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Balance, Part Two

Another thing we tend to mean when we talk about balance is a sense of not being pulled one way or another by the forces around us, of keeping our footing and not struggling to stay upright, metaphorically speaking.  Like a gymnast on a balance beam, we seek to exist in a state where we are quickly and easily able to adjust ourselves, to consistently land solid when we leap, and to make it all look easy.

Interestingly, what it really takes to be a gymnast is strength.  Staying atop a balance beam with grace doesn’t mean being impervious to the forces of gravity or momentum.  It doesn’t mean gaining an ability to put your hands and feet in the right place every single time, perfectly, without fail.

First of all, if we pick apart the metaphor, even Olympic gymnasts fall off balance beams.  Perfection isn’t possible in the long term.  When we watch people around us seem to walk through life without getting knocked off their balance beam, it’s easy to assume that they do so because they’ve gotten good at knowing the right maneuvers, that it’s the way they move and land which ensures their success.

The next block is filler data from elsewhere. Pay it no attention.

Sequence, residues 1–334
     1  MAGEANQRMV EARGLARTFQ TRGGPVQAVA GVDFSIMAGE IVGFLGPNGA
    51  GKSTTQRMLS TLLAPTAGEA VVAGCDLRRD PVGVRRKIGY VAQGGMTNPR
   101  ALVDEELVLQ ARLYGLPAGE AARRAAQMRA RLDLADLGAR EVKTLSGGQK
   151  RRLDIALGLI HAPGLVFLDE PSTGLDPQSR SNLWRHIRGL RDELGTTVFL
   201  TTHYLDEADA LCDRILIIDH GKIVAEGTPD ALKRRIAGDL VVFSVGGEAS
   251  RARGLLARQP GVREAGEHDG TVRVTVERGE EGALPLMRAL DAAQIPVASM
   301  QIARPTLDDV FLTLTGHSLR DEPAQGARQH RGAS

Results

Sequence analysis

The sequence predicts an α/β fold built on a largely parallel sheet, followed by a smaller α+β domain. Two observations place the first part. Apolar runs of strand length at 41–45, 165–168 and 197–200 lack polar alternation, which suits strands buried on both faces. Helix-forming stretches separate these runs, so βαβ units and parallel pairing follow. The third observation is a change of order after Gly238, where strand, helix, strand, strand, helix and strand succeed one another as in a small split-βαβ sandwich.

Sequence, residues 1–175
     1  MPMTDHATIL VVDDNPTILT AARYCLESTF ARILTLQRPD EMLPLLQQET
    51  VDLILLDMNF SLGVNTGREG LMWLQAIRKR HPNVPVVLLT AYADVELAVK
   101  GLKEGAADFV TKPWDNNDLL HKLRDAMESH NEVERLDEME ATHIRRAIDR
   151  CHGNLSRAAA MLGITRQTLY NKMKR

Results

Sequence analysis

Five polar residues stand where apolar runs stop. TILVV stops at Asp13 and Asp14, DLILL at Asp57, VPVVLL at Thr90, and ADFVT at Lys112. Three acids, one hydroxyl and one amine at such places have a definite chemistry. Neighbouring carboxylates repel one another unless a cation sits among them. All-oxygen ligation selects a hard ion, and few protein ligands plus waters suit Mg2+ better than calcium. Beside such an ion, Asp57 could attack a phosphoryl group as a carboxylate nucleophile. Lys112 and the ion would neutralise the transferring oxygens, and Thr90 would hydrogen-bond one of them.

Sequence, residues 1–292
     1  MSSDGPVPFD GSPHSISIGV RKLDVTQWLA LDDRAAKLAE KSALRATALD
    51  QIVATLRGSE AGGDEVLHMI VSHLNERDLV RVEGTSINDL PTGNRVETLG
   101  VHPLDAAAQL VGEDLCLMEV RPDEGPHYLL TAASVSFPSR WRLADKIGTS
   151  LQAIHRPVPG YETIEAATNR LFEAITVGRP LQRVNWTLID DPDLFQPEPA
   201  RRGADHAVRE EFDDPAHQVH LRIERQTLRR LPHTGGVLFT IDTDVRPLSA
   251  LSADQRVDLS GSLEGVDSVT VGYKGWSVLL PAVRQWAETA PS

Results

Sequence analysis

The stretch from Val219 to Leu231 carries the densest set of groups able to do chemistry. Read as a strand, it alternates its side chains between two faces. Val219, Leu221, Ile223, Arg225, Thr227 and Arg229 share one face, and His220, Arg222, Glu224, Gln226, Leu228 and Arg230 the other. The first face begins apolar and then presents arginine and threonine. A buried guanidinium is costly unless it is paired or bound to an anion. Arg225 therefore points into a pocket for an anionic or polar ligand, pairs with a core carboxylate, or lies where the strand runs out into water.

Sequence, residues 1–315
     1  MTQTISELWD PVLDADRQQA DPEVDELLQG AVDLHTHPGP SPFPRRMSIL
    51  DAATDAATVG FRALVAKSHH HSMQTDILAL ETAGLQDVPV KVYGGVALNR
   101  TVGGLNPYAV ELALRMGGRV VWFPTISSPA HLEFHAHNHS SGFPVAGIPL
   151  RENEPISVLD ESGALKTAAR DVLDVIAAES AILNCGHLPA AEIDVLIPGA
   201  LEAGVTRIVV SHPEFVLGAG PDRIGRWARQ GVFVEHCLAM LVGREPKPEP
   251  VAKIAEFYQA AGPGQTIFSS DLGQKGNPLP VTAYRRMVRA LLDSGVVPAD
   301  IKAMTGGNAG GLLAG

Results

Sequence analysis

But what keeps them up — metaphorically and literally — is actually their ability to make adjustments against the forces which threaten to push them off the beam.  They feel the same pushes and pulls we do, but they’ve trained their muscles so that they are strong enough to compensate, and the adjustment happens without having to think it through.

If, when we think of a balanced life, we imagine that balance is what allows us to not be knocked down by things going on around us, we’ve got it backwards.  It’s learning to resist being knocked down which allows us to balance.  Achieving balance in life, if this is what we’re talking about, actually requires us to learn to push back, to be resilient and make adjustments, to keenly understand what we can do and how our instincts help and hinder us.  And that requires a lot of falling down.

No gymnast ever learned to walk the beam without falling off of it.  A lot.

It’s fine to have help, to have safety nets and hand holds while we learn the skills, something to keep us from hitting the floor but still letting us experience the moment when we slip and begin to fall.  But we will never gain the strength required to maintain balance if we don’t put our metaphorical muscles through the struggle of keeping us upright.

 

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